News

The High Court has handed down its decision in Rolls Royce plc v Unite the Union, holding that the inclusion of length of service as a criterion in a redundancy selection policy was not unlawful age discrimination.

Implications

The High Court has decided that the use of length of service criterion in a redundancy selection policy does not constitute unlawful age discrimination, as long as it fulfils a legitimate business aim and is a proportionate means of achieving that aim. Whilst this case demonstrates that it may well still be possible to use length of service as a criterion for selecting employees for redundancy an employer will still need to justify its use and this may be difficult where an employer relies solely on a 'last in, first out' approach.

Details

This case related to a collective agreement which Rolls Royce plc had with Unite the Union relating to 'Redeployment and Redundancy'. It provided for a points scoring system where those employees scoring the least amount of points were selected for redundancy. As part of the selection criteria, an employee would receive 1 point for each year of service. The Employer in this case argued that the length of service criterion in the collective agreement did not comply with the Employment Equality (Age) Regulations 2006 and was therefore unlawful age discrimination.

The parties asked for the High Court, rather than an Employment Tribunal, to settle the matter. It held that the length of service criterion was not unlawful on two grounds:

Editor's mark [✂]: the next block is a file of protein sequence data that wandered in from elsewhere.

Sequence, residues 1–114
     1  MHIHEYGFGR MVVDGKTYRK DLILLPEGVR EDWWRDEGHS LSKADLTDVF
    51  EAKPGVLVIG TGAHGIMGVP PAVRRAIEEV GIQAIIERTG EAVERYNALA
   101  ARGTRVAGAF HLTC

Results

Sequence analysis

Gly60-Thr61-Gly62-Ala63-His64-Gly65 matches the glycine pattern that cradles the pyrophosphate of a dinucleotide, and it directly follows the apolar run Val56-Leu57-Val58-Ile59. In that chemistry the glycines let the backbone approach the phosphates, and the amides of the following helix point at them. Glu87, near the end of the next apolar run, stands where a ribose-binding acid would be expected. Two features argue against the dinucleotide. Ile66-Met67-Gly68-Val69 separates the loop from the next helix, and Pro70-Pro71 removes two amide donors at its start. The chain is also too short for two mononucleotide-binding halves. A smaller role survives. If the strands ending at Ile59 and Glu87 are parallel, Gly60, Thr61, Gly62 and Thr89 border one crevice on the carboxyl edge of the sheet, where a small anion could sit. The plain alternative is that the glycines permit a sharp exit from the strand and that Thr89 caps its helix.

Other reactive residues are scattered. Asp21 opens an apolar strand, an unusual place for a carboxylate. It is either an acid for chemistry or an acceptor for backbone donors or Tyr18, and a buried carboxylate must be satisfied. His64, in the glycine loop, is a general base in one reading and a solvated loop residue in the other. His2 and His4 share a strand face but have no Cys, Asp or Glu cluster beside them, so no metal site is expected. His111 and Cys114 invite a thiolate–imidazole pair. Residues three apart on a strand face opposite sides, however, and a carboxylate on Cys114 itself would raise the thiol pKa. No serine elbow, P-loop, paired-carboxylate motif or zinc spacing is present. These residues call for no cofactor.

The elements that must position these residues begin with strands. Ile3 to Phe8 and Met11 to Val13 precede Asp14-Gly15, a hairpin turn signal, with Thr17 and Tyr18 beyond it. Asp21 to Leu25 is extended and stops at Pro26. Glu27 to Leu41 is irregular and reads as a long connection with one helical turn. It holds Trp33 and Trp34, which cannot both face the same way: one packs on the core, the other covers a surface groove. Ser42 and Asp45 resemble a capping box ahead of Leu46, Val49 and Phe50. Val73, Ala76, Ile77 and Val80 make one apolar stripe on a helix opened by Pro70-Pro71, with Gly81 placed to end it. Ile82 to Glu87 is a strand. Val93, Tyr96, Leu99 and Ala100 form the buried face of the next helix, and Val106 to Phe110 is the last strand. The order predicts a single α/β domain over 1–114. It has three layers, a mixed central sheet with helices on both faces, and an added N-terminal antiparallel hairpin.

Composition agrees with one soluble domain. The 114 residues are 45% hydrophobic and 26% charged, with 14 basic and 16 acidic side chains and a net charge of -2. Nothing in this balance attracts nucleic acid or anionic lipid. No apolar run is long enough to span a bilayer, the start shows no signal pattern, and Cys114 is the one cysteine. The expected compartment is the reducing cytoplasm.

1. Whilst the criterion relating to length of service was itself discriminatory, the High Court held that it could be objectively justified as being a proportionate means of achieving a legitimate aim.

The legitimate aim here was the fact that the collective agreements represented a compromise between the employer and trade union, enabling them to conduct redundancies in a fair and "peaceable" manner.

The High Court also noted that the length of service criterion respected loyalty and experience amongst its staff, as well as protecting older staff members from being made redundant.

  1. It would also be covered by the exemption in Regulation 32. This provides that the Age Regulations do not prevent a worker being placed in a better position than other workers by the "award of a benefit" based on length of service of five years or less, and where it exceeds five years, if it reasonably appears to the Employer that the use of length of service fulfils a business need. In this case, the High Court concluded that giving points for length of service in a redundancy selection procedure would confer a benefit on the Employee concerned (to remain in employment and not lose his/her job).

In addition, the business need was met where the employer and trade union had agreed a redundancy scheme in which length of service is one of several criteria to be considered.